Curt Siffert siffert at museworld.com
Fri May 27 00:27:55 PDT 2005

```On May 17, 2005, at 8:31 PM, Russ Paielli wrote:

> If I am not mistaken, Arrow's theorem says that you can't satisfy both
> the Condorcet criterion *and* the independence of irrelevant
> alternatives (IIA). Should that bother us? I think it should bother us
> at least a bit. I am bothered by the fact that eliminating a losing
> candidate can change the winner. Like failure of monotonicity, it
> suggests a certain irrationality.

My understanding of IIA is that it can never replace one singular
Condorcet Winner with another.  It can only lead from a Condorcet
Winner to a multi-member Smith Set.  It's also obvious that the
introduction of a new candidate does not actually *change* the ordering
of an individual voter's preferences with respect to the pre-existing
candidates.  The new candidate merely gets inserted.  And in the
already described case, failing IIA exposes a confused electorate, when
that confusion - still present - was hidden beforehand.

This is enough to prove that IIA is an unreliable criterion.
abd at lomaxdesign.com had a great response describing this in more
detail.

These vote-method criteria are supposed to test the reliability of the
vote methods.  Seems to me that IIA instead tests the certainty of the
electorate.

Here's another thought that illustrates to me why IIA is messed up.
Think of it in reverse.  You have an election that ends up with a
multi-member Smith Set, one that most tie-breaking procedures would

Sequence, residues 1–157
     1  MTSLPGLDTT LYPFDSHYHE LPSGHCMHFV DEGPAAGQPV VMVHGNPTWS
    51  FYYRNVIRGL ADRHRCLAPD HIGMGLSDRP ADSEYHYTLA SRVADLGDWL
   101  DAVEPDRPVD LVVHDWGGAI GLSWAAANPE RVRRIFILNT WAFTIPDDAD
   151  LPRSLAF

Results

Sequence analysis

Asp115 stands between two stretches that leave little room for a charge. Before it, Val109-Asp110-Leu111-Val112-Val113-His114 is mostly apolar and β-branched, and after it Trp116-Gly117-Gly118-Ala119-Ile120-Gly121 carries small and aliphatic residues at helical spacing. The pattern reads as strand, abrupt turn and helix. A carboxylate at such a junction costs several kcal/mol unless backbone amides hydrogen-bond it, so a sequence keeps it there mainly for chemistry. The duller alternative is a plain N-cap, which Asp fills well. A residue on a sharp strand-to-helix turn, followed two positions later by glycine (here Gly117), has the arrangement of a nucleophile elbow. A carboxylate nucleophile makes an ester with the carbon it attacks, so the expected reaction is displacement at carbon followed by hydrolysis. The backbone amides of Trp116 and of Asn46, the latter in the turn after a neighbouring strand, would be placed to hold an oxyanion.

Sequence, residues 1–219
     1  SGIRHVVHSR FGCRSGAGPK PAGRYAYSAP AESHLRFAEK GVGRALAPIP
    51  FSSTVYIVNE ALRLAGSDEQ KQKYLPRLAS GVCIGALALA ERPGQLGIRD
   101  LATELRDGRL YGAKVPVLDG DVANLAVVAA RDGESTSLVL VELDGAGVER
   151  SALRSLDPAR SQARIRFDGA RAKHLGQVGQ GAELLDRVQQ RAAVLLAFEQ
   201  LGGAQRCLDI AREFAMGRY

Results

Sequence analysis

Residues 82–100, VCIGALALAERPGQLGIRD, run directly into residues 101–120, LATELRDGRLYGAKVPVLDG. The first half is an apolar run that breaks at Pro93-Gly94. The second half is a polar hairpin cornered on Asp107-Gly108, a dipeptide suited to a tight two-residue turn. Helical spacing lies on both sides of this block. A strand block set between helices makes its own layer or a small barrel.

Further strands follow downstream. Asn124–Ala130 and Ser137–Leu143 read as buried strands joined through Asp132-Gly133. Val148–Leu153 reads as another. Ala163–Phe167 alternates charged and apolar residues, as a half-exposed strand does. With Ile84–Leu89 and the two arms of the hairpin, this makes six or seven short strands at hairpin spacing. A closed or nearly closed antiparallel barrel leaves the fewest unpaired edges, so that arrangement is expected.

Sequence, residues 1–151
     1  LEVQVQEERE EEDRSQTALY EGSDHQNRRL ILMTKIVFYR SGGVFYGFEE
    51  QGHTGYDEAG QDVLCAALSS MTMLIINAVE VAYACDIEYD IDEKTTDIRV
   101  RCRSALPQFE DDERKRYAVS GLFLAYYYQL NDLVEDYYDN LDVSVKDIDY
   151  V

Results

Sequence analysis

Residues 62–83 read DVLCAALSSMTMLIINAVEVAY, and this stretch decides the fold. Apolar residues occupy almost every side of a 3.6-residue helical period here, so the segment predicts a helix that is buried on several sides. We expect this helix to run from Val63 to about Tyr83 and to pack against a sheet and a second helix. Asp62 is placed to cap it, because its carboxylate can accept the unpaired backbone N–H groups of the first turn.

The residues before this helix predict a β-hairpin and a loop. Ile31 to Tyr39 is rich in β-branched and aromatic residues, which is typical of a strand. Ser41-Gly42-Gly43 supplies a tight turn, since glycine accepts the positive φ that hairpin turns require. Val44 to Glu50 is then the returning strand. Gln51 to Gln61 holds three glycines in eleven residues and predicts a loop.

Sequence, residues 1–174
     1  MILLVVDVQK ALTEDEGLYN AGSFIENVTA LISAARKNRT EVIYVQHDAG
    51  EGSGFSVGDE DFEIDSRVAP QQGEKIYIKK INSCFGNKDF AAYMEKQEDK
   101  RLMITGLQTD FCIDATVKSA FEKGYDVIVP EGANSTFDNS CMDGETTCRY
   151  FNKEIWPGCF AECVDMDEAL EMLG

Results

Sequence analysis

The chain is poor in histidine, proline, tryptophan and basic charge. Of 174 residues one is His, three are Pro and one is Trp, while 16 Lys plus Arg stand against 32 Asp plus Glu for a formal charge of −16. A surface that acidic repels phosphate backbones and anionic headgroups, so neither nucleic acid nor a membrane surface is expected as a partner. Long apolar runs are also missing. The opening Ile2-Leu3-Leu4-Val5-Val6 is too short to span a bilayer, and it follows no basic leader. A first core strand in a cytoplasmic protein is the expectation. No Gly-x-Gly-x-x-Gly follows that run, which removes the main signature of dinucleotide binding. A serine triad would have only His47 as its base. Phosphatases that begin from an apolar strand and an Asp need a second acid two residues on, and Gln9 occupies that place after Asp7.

settle by awarding "A" with the victory.  They'll do this by
eliminating other candidates from the Smith Set.  But it's possible to
then recount the ballots to find a Condorcet Winner that doesn't make
sense.  Now, it wouldn't make sense to do that.  But IIA tells us that
it should.  It's a stupid criterion, at least if it's interpreted to
mean that the Condorcet Winner is the rightful winner, and that the IIA
failure leading to a different winner is evidence of vote method
*failure*.

So, it's obvious that there are some cases where the failure of IIA
shouldn't bother us at all.  Adding the new candidates merely expose a
confused electorate that was already confused before the introduction
of the new candidate (even though the confusion was masked by the lack
of choices).  And, it's also difficult to prove that that isn't always
the case.

It seems like IIA could instead be constructively used to test whether
an electorate is confused even when they seem to be certain.  In other
words, just because someone is a Condorcet Winner, maybe they're still
not the best choice yet.  Introducing some more arbitrary candidates
might show that the electorate requires more debate before they really

If it's true that a Condorcet Winner may not actually be the best
winner (even leaving aside "strength of preference" ratings), due to
the confused electorate, and that the IIAC helps expose that when it's
true, then maybe I should conclude that an election with a Condorcet
Winner isn't the democratic perfection that I've believed it was over
the past many months.  It seems to me that failing IIAC is sometimes a
feature, not a bug, which shakes my perception of the Condorcet
Criterion as a hard requirement of a valid voting method.

Curt

```